‘Kidding’: The Secret Behind a One-Take ‘Michel Gondry’ Scene on Jim Carrey’s Showtime Series

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Even when “Kidding” executive producer Michel Gondry isn’t directing an episode of Jim Carrey’s new Showtime show, the auteur’s presence can be felt. Case in point: Last Sunday’s episode, which featured a long, complicated scene shot in one take.

In the scene, guest star Riki Lindhome plays Shaina, a woman who’s inspired to turn her life around after watching an episode of “Mr. Pickles’ Puppet Time,” the kids’ show hosted by Carrey’s character. In one take, viewers see Lindhome’s world evolve as she renovates her apartment, starts exercising, invites friends over and celebrates her new life.

Behind the scenes, the “Kidding” crew physically transformed the set multiple times in real time. In this exclusive clip, the network gives a side-by-side comparison to how the scene looked on camera, vs. the hairy moments behind the camera as Lindhome and the show’s crew managed to pull it off. Watch below:

“We spent an entire Saturday choreographing [this] one shot,” said creator and executive producer David Holstein. “We brought it down from three minutes to a minute and 42 seconds. It involved 50 crew members, a special built set with walls that flipped, and it’s just this continuous shot of a woman over five years going from drug addict to better person.”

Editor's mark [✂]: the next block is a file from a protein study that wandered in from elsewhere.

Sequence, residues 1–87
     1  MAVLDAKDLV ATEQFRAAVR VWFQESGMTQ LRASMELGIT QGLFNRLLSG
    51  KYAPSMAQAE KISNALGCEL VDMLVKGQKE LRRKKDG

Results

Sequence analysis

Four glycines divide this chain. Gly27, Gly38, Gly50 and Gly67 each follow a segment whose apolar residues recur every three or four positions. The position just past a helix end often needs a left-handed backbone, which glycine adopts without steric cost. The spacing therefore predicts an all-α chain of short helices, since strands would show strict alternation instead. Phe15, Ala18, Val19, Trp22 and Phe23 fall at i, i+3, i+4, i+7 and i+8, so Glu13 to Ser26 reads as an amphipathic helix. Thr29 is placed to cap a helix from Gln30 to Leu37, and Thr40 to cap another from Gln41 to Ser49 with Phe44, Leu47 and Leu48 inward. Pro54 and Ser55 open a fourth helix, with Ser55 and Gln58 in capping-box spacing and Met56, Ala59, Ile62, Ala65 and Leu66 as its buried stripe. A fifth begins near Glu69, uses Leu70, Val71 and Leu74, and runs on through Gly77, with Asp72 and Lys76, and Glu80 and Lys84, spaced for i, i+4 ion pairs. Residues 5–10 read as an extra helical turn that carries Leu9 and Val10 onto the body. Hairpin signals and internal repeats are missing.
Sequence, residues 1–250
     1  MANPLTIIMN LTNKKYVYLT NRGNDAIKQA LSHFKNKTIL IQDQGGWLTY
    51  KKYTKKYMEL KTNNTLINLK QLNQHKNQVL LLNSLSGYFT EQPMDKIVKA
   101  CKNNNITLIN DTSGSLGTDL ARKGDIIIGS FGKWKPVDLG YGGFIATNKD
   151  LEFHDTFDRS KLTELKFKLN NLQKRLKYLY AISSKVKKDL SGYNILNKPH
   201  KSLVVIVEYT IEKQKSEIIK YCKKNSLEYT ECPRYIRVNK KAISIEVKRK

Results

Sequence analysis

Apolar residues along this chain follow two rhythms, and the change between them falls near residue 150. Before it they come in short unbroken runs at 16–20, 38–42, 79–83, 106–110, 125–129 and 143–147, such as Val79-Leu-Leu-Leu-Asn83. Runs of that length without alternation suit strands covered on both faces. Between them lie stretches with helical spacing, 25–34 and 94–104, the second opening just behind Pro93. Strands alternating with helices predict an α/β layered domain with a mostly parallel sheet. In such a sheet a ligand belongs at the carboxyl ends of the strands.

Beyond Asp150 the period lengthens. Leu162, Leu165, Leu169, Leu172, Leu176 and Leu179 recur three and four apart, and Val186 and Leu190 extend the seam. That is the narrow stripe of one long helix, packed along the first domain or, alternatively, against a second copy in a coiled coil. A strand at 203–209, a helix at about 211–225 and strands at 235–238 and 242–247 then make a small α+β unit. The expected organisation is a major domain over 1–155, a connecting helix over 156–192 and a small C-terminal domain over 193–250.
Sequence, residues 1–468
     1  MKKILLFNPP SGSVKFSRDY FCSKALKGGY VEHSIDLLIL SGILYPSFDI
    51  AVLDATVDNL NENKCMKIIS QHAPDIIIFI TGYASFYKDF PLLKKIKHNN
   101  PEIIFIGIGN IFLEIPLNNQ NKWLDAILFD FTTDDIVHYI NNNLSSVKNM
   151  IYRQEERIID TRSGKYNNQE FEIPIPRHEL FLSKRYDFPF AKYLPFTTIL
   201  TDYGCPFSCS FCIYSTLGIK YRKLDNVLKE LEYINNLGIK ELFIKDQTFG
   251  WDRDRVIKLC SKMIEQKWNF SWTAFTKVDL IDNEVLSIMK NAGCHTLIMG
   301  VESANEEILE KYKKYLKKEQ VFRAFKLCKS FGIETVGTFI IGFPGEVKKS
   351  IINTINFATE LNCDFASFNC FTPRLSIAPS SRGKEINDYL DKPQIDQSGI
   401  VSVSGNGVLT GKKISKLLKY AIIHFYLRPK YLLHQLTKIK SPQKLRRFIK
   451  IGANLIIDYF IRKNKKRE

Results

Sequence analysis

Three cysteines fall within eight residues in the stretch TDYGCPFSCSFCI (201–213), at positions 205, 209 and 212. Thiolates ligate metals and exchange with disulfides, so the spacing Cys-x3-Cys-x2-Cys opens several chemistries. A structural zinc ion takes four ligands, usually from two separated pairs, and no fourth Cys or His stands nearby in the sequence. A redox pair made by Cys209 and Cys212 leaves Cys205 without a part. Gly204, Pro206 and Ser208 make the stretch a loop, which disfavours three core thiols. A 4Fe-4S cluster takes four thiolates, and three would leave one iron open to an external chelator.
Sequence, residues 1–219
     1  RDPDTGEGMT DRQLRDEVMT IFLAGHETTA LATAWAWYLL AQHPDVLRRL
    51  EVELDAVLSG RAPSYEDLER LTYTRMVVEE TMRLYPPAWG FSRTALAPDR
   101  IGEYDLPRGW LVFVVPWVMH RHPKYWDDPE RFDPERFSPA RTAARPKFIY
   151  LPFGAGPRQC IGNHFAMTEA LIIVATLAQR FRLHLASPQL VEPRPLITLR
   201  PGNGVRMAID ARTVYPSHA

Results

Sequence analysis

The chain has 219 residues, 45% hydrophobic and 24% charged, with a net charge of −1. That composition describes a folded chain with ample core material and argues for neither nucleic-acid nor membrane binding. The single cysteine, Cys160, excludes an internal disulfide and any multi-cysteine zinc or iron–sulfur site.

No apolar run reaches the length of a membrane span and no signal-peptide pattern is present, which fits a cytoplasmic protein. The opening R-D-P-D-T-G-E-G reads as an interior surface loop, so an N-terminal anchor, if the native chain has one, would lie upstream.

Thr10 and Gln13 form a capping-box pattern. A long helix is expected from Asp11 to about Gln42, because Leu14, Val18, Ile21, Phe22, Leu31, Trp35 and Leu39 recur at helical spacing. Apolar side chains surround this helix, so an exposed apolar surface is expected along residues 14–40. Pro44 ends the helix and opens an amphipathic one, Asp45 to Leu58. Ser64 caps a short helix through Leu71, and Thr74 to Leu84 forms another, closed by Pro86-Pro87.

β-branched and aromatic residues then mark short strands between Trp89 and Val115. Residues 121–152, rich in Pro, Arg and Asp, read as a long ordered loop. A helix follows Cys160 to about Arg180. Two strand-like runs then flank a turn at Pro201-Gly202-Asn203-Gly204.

Episode director Jake Schreier said Holstein had been inspired to write something in every episode that was “very Gondry-esque,” and that Gondry had the idea of shooting this scene in a single take.

“I grew up watching his music videos,” Schreier said. “So I knew what he was going for. We were designing a Gondry homage as a time lapse.”

It helped, Schreier said, that he had access to so many of Gondry’s frequent collaborators, including director of photography Shawn Kim and production designer Maxwell Orgell.

“Everyone was pulling this together over the course of two weeks,” Schreier said. “It’s the kind of think you don’t usually have time on TV to do. It was like designing choreography, all building to one performance.”

Schreier said he was particularly impressed with Lindhome, whose performance was key to making sure the camera was ready to pan over.

“Look at how confident she is, she’s calling out that she’s ready way before she’s dressed,” he said. “It’s one of those shots that require so much work from so many people. When you pull it off everyone feel like they’re a part of it. Jim was no even in the scene and he came by.”

“I just don’t know what other show, what other comedy where you’d be allowed to do that, and spend the time doing it, and the nuance doing it, and the support. The best version of that is going to be so cool, but I think having Michel around let’s us get away with it.”

“Kidding” airs Sundays at 10 p.m. ET on Showtime. Liz Shannon Miller contributed to this report.